What are the Financial Statements?

And how can they help a small business owner survive the crisis?


You have quit the 9-5 because you have a passion to share your gift with the world. You have created your small business with your own hands, and you are still balancing work with the kids and everything else that goes with it. Life is difficult, but everything is fine as long as everything is fine. Then enters a crisis.

What are you going to do when it is date night and the one machine that creates all your product, and thus your income, breaks down on a weekend? You have a work crisis that is quickly going to turn into a financial crisis. This is the entrepreneur’s daily crisis, and there are 4 primary financial reports that you should learn to lead and guide your decisions.

What are the financial statements?

The four primary financial statements create a full image of the money that supports and runs your small business.  They are the financial profile of how much money you have, have had, and have the potential to soon make. A few moments with these 4 statements and an entrepreneur can decide the exact month that his or her business will run out of cash or become the next million-dollar idea. The statements are as prophetic as they are historic. This month I want you to become introduced to your own set of financial advisors, the financial statements:

  1. The Balance Sheet (The sum of your financial activity to date)
  2. The Profit & Loss Statement (how much money you have made and spent)
  3. The Cash Flow Statement (how much liquid cash is available after all transactions)
  4. The Budget Statement (where and how you will spend your next month’s income)

Why are the financial statements important?

When combined, the financial statements will help the entrepreneur to make the best financial decision possible. In the case of our crisis, we need to spend a large amount of cash to repair our machine. We also need to know if we can still make date night or if we need to stay home and be the repairman due to cost. This is when the financial statements become the most important financial advisors in our tool chest. Let’s take a closer look at how they can help, and then we will break down each statement in a series of blogs over the month.

The 4 primary financial statements

[The Balance Sheet]

The balance sheet is a simple math formula organized into an easy to read, descriptive table. It allows us to see the monetary value of what assets the company owns and what the company owes on those assets. Therefore, the formula is simple: assets = liabilities + equity.  Imagine the balance sheet is like your Facebook profile. It is a quick read of your company’s life to this point.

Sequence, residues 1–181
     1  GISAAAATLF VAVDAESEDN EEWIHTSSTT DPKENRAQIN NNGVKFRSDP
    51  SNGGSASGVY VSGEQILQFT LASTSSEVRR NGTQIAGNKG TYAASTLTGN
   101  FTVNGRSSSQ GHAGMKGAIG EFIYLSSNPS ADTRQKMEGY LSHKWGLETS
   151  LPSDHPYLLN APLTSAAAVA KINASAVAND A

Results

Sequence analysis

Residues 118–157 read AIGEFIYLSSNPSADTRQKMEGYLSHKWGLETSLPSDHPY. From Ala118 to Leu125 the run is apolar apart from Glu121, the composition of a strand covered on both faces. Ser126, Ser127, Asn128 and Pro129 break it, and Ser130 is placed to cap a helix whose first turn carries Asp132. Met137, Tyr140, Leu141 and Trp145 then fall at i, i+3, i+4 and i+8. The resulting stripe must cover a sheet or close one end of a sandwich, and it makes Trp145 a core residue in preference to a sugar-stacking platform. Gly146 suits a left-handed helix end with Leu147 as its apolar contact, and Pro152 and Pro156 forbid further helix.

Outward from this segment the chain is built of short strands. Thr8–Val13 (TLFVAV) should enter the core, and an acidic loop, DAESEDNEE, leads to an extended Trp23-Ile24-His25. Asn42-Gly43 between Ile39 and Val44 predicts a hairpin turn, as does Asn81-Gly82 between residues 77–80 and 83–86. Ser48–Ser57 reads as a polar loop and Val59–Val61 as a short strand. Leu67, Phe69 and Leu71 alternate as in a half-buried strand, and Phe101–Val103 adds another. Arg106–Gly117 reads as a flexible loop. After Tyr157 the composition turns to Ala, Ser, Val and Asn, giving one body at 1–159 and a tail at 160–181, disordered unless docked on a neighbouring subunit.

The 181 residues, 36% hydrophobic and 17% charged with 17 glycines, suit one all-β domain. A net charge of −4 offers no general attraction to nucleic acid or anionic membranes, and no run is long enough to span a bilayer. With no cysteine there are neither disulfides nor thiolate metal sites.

[The Profit & Loss Statement]

The Profit Statement, as I like to call it, also states a historical fact in the form of a formula;

Gross Income – Expenses = Net Income.

If the balance sheet is like my Facebook profile, then the profit statement is the # of likes I get on a single image or a measure of how well your image did. This is how we determine what our company profits after subtracting business expenses.  The net income can then be used to do so much: invest in the business and make more money, put into our personal account and spend on our children’s Christmas, give it away as a donation to our favorite charity. We will dive into the Profit Statement very soon, but for now we must remember that this statement tells a very special story of our company. Make this statement a monthly habit in your life.

[The Cash Flow Statement]

Cash flow seems way too obvious, however, a quick look at the Profit Statement shows us that it does not consider the actual cash that is in your bank account. How can this be? Simply put, the profit statement does not consider the cash payments made on the debt that you owe. Does your company have accounts receivable? This is income that your customers have promised but they have not yet given you.  The cash flow statement takes these values into account, and then shows the business owner what they made in liquid cash for a given period.

[The Budget Statement]

If the Profit Statement mimics the like count on Facebook, then the budget statement is your marketing strategy. Question: would you put on image onto your Facebook feed that would cause you to lose friends? NO WAY! Your marketing strategy and analysis would keep you from posting an audience reducer.  That is the special magic of the budget statement. It helps you get as close as possible to deciding where your money goes before you spend it. It can tell you how much to expect in: income, expenses, and net income. The effectiveness of this statement is in direct correlation to your discipline, and discipline in business could be your key to success.  


These 4 statements will seriously up your business management game. They will become your guide, your financial advisors. Now back to our crisis. It is date night, and you have a decision to make.  Can you purchase that printer part with cash and get your team up and running again?  Let’s continue this conversation with a look at each of the statements in detail.


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